They’re doing much better than the US and Europe.
Many hailed Zeti Akhtar Aziz’s 16-year tenure as governor of Malaysiaâ€™s central bank as a triumph for gender diversity in Southeast Asia. Turns out it wasn’t such a rarity.
Women have become uniquely well represented throughout the region’s central banks, the latest available data show. They account for almost two thirds of managerial staff in the Philippines, and at least half in Indonesia, Thailand and Malaysia. That compares with much lower figures at their developed-world peers.
If anything, it may be getting worse elsewhere. At last count, there were 12 central banks led by women, compared with 19 in 2014 when Janet Yellen took over as head of the U.S. Federal Reserve, specialist publication Central Bank News says. In the European Central Bank, 27 percent of managers are women, and it’s targeting 35 percent by the end of 2019. Less than a third of the Reserve Bank of Australia’s managers are female.
â€œHaving central banks with greater diversity could be useful in bringing on board different perspectives and policy approaches,â€ said Wellian Wiranto, an economist at Oversea-Chinese Banking Corp. in Singapore.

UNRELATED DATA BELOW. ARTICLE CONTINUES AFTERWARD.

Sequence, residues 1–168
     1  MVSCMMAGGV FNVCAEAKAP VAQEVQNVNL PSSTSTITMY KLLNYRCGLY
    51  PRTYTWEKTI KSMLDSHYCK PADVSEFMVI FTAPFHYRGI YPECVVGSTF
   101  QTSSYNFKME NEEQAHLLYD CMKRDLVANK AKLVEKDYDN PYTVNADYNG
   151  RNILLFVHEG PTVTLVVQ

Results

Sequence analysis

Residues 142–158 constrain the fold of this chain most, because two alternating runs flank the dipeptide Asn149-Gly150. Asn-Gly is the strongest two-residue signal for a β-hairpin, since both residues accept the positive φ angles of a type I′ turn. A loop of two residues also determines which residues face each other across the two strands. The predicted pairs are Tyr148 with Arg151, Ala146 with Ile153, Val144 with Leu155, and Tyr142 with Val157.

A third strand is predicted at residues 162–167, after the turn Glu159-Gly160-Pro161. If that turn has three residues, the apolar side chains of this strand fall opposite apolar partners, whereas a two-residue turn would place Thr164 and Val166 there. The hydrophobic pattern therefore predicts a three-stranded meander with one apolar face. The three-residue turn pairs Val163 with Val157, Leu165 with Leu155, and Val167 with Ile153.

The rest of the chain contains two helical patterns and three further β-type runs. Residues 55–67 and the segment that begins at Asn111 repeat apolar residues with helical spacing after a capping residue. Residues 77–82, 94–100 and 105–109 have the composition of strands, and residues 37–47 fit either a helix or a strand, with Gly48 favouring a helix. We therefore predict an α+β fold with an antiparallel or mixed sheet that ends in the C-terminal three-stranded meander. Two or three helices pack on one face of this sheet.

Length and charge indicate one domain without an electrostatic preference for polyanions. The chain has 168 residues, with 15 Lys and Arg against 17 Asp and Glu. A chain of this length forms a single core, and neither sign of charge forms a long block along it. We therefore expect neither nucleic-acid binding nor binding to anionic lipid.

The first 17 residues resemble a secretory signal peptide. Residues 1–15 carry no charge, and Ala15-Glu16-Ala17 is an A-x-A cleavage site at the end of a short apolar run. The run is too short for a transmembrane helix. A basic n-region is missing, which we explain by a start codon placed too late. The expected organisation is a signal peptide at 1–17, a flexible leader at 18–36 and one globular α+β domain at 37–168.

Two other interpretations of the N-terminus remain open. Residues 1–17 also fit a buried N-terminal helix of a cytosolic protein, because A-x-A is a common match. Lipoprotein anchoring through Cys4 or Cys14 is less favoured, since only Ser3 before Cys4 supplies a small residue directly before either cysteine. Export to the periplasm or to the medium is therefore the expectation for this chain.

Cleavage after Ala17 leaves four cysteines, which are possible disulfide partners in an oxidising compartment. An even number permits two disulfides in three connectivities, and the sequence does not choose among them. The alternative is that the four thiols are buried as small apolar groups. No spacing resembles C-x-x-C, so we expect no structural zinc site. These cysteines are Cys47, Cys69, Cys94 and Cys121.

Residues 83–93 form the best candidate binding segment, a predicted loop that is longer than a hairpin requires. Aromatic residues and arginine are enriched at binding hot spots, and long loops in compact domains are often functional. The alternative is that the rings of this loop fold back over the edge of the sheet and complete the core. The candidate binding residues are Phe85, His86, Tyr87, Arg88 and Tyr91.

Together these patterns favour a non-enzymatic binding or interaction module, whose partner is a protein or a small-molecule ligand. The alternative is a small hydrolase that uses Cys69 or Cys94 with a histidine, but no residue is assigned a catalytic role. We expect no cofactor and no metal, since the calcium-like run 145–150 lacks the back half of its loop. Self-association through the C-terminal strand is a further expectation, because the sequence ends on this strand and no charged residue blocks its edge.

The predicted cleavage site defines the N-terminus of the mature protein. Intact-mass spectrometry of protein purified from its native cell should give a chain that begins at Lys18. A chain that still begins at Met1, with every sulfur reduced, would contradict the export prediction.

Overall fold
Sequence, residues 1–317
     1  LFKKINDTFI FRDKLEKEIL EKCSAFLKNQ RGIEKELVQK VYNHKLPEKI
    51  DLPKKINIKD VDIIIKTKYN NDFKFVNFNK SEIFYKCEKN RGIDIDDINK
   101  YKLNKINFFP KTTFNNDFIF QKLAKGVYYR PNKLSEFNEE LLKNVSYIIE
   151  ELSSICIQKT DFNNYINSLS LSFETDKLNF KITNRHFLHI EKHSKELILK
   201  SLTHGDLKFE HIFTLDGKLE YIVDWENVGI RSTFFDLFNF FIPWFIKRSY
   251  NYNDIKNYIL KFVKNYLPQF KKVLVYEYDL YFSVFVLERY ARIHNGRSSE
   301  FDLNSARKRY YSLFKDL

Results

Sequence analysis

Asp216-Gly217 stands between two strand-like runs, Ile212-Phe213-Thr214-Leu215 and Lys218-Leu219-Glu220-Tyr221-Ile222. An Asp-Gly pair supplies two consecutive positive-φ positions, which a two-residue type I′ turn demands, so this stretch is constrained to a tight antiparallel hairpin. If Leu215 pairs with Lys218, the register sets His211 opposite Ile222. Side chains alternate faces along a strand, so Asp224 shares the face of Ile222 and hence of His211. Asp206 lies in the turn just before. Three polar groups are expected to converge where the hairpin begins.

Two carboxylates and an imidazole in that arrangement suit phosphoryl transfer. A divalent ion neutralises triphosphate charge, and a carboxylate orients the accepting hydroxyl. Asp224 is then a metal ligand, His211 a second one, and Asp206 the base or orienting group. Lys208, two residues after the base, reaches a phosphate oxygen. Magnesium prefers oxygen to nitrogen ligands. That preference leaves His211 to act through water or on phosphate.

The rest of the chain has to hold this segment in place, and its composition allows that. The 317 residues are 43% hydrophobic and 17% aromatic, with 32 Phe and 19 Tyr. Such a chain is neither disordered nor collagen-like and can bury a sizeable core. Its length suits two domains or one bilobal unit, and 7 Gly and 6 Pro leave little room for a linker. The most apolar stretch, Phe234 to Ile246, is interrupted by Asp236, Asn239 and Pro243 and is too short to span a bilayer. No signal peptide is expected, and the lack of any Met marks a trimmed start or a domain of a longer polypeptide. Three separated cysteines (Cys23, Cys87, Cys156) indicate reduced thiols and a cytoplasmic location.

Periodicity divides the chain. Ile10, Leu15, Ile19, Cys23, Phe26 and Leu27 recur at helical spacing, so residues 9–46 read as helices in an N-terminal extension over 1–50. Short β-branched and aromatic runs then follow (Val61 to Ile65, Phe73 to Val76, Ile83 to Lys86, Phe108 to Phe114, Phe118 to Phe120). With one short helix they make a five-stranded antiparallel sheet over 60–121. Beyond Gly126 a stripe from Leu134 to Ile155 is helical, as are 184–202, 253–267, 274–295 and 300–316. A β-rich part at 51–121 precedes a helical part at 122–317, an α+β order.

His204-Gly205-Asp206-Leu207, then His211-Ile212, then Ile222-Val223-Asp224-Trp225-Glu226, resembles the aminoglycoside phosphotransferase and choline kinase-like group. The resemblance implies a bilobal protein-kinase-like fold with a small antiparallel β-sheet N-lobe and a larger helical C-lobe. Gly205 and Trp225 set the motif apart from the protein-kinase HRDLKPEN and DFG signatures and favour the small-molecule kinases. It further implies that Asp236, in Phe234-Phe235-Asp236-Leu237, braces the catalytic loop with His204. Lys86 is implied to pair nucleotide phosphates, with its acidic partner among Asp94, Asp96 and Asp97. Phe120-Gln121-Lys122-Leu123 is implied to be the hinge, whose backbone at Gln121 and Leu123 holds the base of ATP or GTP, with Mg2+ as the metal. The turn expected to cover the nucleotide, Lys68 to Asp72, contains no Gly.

In Thailand, the central bank has long attracted female talent and was run by a woman from 2006 to 2010. Females make up more than half of students of monetary economics at Bangkok’s prestigious Chulalongkorn University, said Pongsak Luangaram, who teaches the subject there and wrote a book on the Bank of Thailand.
Thai women’s “academic performance is generally better than men,” said Luangaram, who said a central bank job is considered to be of high status in Thailand and parents tend to support their daughters if they plan careers there.
That’s in stark contrast to nearby Australia. RBA Governor Philip Lowe recently lamented the lack of girls studying economics and finance in the country. He’s targeting 35 percent of women in managerial positions by 2020.
While the Monetary Authority of Singapore did not provide a figure for women in managerial roles, it ranks well for equality: just over half of its employees are female.